I’ve always been a straight-A student. Ok, well, there was that ONE time I got a 79 on my New York State Chemistry Regents exam. I’d worked hard with my eleventh grade teacher to study for that end-of-the-year torture. He was a wonderful tutor. We were both relieved that I’d passed. Other than that, though, there’s only one other poor mark on my record. I earned a “C” in a class on religious studies in college.
Death, grief, and loss had entered my life prior to the death of my teen son, but not on the same scale. The intensity and exhaustion I felt losing my beloved boy was overpowering. I knew I needed to study everything I could about how to get back up after that devastating and complex blow. I was drowning. I needed to practice new skills and tools so I could reach the surface and stay afloat.
I also knew I had it “easy” or could be considered “lucky”: my trauma was limited to a single event, not a compilation of horrible things up to that dramatic point in my life. I have other protective factors that make my grief process ripe for resilience: a loving partner, freedom from elder and child care responsibilities, a supportive working environment, and I live in a beautiful, peaceful place.
I want to be clear, though, that I wasn’t looking to wipe away or fix my sorrow and sadness. I was searching for ways to file down the jagged edges, to make the experience a tiny bit smoother, more manageable. The first few weeks and months were incredibly raw and scary. I was in shock and depressed.
My years as a professional counselor also gave me an advantage. I was familiar with Eye Movement Desensitization & Reprocessing (EMDR) and Emotional Freedom Technique (EFT) for work with clients who’d experienced trauma. So, I opted to try them for myself in the early months after my son’s suicide. Because I live in rural area, access to certified and skilled practitioners is not easy. These clinical interventions do not lend themselves well to video conferencing, so I had to arrange for in-person appointments. I gave those therapies a shot and while there were some benefits, I usually quit after a couple of sessions. One of my closest friends said during those initial days, “I bet you’re really challenging to counsel.”
By far, the best use of my time came out of the video courses I took with NICABM, the National Institute for the Clinical Application of Behavioral Medicine. An anxiety expert I’d trained with shared a link that offered a series of trainings about trauma and the body. Access to the videos was time-sensitive, so I signed up right away, watched, and took copious notes. I immediately purchased another two courses: one about depression and another on post-traumatic growth.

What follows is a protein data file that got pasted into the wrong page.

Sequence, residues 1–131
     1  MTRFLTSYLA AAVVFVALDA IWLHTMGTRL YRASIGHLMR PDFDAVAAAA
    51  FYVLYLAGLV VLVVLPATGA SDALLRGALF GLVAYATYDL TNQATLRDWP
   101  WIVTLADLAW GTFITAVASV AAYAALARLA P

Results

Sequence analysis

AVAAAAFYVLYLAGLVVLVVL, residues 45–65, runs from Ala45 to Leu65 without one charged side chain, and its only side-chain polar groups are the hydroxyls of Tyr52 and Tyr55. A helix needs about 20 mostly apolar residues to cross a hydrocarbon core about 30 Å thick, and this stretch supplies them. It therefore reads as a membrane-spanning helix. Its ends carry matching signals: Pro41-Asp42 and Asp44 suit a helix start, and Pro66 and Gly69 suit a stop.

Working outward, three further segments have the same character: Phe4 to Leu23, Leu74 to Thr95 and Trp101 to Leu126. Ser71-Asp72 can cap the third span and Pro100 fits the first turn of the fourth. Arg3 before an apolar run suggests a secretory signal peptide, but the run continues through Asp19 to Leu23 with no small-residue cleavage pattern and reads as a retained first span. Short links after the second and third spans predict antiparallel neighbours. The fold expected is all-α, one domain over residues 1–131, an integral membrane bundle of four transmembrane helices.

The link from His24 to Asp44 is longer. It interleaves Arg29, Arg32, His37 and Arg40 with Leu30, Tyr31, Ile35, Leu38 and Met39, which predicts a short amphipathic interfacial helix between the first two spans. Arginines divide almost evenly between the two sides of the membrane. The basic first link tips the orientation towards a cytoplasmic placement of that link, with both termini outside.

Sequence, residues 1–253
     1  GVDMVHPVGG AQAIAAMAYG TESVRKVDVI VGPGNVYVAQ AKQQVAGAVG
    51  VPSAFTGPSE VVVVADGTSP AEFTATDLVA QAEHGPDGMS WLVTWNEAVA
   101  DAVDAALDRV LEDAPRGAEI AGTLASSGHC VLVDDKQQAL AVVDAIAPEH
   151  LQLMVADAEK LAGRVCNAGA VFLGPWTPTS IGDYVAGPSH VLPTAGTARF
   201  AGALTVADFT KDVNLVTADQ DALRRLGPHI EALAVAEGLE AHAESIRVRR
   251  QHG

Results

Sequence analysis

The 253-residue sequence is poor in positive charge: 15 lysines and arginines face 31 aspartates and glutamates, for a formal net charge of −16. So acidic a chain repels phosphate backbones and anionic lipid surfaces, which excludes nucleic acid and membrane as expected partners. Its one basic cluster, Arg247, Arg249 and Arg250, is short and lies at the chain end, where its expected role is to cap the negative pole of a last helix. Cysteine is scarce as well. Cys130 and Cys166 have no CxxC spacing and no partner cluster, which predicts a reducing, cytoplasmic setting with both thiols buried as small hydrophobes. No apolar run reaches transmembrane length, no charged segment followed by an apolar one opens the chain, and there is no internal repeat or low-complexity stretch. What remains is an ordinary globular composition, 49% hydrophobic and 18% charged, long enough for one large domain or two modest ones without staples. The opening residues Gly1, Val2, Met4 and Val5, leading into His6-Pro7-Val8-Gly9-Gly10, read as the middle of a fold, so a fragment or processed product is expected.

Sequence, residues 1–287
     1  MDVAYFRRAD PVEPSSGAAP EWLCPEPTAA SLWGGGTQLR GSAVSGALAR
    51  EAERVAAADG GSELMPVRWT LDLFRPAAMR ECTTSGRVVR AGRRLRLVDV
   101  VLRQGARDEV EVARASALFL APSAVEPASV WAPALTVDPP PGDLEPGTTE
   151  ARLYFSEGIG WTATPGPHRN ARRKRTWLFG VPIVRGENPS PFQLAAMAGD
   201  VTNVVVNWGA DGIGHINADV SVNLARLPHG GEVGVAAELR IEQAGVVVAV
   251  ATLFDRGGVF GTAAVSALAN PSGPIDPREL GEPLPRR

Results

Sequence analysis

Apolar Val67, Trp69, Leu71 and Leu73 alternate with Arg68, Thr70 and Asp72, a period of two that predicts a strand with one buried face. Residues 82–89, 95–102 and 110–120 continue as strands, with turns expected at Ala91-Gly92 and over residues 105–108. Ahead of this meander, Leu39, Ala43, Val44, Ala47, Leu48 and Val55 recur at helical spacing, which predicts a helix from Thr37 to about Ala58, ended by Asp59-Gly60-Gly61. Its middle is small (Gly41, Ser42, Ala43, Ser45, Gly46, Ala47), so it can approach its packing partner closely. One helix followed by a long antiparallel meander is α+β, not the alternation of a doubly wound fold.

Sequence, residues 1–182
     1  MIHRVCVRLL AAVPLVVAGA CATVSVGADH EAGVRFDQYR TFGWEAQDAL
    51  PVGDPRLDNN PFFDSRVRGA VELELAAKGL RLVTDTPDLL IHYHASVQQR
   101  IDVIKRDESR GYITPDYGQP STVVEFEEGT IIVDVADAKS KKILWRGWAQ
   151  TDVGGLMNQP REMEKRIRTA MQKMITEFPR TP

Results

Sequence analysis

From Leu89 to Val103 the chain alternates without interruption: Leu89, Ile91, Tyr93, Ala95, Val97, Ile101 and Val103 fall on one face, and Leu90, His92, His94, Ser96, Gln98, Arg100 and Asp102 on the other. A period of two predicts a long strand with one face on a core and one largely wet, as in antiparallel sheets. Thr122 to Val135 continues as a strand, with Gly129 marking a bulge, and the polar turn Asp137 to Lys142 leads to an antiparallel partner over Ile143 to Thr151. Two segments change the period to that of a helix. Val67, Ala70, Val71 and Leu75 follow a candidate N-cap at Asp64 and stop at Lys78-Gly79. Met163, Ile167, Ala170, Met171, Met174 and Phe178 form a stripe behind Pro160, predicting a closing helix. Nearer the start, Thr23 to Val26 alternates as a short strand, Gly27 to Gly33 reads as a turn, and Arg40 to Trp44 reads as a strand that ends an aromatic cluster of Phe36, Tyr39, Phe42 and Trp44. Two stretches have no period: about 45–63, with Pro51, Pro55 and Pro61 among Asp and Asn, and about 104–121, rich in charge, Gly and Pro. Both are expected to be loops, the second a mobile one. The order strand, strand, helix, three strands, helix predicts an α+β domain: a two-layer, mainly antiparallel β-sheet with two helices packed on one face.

We are committed to developing online educational programs featuring new research and ideas immediately adaptable for health and mental health care professionals to use in their work.
They are an amazing resource featuring specialists like Pat Ogden and Ronald Siegel. They also have this notice on their FAQs page:
Our programs are created for practitioners and intended to provide new insights and practical strategies professionals can apply immediately in their work with clients. That said, anyone is welcome to look over their shoulder and take these courses out of their own personal interest. But please know, if you are seeking help, we do not advise our programs be used in place of working with a professional.
NICABM’s courses truly helped me and offered effective tools for my personal goal of post-traumatic growth. I paired NICABM work with the meditation site/app Headspace. Their courses entitled Grieving, Letting go of Stress, and Handling Sadness were immensely useful. The guided meditation sessions improved my ability to settle and soothe myself in those jarring and completely unsettling months in the aftermath of my son’s death.
Check out NICABM here: NICABM LINK
Headspace: Headspace LINK
Finding the right mix of healing tools for your grief is a personal process. I need material I can return to when triggered or ruminating; having solid notes about what I’ve studied helps me recalibrate. In case you haven’t noticed, references to suicide are everywhere.
And…please read through my other posts about Grief Books for Grown Ups for additional resources.